Or perhaps the proponents claim that 3:1 ratio only applies in some particualr special range of spending, in which case that range of spending would be totally irrelevant to any policy discussion because the instability would always shove spending out of it to one side or the other. Any system that operated that way would be inherently and unavoidably short lived.

And anyway the whole debate ignores the fundamental problem that $1 of government spending almost never produces anything near $1 of actual productivity. That's the truth behind Mike43's breakdowns. "Spending a dollar" is, by itself, a valueless act. Shuffling a piece of paper from here to there. The money in a transaction is the least important part of it, since money is nothing but a (increasingly tentative) claim on potential goods and services. What matters with the $1 of government spending isn't the $1, but what got bought with it. Usually what got bought was a vote...

Anonymous FrankNorman August 30, 2012 4:23 AM  

That "Neanderthal Correlation" article dates from 2008. Interesting reflection there on the rate of information propagation across the blogosphere.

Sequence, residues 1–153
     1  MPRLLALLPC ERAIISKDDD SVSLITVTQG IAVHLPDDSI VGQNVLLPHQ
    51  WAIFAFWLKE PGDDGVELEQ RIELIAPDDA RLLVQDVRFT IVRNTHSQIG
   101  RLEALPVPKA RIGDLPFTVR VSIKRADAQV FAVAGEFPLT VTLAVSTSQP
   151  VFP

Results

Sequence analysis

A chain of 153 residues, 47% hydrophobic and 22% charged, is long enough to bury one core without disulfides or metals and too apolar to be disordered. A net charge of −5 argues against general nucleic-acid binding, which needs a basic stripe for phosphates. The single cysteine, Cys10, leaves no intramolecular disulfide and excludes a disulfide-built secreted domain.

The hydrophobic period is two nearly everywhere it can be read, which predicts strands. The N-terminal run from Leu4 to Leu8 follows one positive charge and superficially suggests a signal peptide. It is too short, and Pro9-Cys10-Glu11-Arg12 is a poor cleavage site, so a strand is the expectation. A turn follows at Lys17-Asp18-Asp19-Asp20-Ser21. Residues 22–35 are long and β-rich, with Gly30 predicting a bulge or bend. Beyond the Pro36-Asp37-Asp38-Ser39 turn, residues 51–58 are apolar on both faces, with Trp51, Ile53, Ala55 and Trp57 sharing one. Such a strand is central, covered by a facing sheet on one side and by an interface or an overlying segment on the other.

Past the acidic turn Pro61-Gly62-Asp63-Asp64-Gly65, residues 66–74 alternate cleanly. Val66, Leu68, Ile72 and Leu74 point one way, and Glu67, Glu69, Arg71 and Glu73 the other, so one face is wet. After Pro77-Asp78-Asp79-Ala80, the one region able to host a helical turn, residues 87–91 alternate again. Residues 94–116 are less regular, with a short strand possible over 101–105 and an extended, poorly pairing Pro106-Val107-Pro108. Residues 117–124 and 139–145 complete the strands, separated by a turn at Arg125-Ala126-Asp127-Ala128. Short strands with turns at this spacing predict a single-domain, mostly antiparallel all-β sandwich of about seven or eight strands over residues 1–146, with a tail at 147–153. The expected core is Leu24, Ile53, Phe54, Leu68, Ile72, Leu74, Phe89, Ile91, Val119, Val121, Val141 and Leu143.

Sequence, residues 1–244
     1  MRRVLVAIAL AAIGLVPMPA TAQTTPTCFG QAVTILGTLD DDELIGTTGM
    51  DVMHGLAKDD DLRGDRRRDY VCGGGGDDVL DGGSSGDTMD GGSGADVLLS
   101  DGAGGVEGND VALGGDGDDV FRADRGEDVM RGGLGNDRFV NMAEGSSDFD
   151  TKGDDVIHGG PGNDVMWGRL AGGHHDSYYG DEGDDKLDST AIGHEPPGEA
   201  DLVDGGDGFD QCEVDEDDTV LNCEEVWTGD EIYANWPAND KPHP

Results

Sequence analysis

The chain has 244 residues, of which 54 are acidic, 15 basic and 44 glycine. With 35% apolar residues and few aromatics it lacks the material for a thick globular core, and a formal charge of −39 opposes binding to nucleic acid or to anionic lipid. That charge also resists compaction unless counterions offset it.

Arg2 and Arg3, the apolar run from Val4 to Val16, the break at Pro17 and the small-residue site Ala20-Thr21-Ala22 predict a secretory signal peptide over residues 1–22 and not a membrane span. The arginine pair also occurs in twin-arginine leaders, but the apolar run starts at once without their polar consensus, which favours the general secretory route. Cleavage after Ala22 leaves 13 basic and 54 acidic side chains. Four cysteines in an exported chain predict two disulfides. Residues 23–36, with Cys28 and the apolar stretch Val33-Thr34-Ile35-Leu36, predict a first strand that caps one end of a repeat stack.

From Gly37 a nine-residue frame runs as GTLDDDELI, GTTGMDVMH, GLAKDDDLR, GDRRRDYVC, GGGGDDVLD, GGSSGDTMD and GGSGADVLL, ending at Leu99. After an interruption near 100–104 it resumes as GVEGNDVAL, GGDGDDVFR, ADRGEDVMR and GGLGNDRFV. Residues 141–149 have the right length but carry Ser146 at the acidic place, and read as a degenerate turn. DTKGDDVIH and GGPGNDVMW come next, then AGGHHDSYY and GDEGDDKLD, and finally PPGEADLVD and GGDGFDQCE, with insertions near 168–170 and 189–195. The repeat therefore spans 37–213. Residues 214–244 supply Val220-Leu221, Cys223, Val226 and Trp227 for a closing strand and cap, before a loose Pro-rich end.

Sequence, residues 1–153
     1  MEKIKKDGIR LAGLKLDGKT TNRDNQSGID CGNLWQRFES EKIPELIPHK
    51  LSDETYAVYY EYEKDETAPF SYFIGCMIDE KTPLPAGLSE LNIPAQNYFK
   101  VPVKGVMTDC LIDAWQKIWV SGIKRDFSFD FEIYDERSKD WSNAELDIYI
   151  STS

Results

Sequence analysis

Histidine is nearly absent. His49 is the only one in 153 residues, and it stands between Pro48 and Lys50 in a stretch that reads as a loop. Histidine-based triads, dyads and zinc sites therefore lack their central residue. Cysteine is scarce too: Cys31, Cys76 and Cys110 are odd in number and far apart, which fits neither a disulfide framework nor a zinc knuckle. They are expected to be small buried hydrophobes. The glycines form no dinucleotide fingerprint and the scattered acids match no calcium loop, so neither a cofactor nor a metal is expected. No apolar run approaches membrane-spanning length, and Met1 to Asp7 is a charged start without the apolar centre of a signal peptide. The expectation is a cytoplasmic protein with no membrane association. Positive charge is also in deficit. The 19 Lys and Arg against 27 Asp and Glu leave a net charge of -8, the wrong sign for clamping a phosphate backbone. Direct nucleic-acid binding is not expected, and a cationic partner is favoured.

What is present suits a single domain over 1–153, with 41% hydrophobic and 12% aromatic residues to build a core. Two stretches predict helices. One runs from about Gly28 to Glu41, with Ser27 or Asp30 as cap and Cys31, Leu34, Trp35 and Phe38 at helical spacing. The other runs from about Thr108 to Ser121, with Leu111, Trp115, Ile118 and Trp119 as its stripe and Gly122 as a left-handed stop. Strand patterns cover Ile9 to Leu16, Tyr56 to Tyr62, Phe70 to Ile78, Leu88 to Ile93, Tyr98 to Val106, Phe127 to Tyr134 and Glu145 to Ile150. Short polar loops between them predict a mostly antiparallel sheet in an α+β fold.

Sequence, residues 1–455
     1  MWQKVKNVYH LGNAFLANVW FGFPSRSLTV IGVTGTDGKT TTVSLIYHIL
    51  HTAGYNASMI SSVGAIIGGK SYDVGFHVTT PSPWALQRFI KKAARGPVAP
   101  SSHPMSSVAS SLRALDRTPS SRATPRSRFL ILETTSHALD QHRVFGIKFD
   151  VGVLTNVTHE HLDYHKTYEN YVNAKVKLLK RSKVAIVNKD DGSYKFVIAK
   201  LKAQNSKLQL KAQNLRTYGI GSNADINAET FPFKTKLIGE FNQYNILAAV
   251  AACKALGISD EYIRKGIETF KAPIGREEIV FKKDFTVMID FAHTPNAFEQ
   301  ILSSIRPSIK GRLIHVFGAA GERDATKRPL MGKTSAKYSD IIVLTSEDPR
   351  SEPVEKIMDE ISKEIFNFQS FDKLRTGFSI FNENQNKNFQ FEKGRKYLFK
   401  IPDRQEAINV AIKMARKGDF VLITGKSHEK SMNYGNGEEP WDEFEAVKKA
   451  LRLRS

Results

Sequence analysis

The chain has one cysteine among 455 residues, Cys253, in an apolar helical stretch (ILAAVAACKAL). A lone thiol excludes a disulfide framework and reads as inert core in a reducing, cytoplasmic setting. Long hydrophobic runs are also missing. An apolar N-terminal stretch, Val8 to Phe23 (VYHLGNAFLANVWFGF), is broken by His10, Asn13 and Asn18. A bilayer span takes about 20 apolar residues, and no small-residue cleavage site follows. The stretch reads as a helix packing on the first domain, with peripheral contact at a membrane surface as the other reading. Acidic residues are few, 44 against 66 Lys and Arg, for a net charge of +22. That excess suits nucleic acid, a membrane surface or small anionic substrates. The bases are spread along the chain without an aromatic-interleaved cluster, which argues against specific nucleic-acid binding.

Blogger JACIII August 30, 2012 5:12 AM  

Here's what I don't understand. Why do I have to prove my case every single time? Not only is no one else expected to do this, as I've shown in my critique of the manifesto, they don't even get the basic facts correct.
-VD

Because you are a political/economic heretic.

Anonymous Kickass August 30, 2012 6:30 AM  

Dont get a big head. You are not the first.

Anonymous Kickass August 30, 2012 6:36 AM  

Because they are astounded that you do. Like little children at a birthday party, they keep begging to see the rabbit pulled out of the hat.
How is the book coming? Edits driving you nuts right now or is it clear sailing?

Anonymous joe doakes August 30, 2012 9:02 AM  

691's thinking doesn't even make as much sense as "lose money on every sale, make it up in volume" or my wife's personal favorite "I saved so much I couldn't afford NOT to buy it."

Anonymous Idle Spectator August 30, 2012 12:08 PM  

That "Neanderthal Correlation" article dates from 2008. Interesting reflection there on the rate of information propagation across the blogosphere.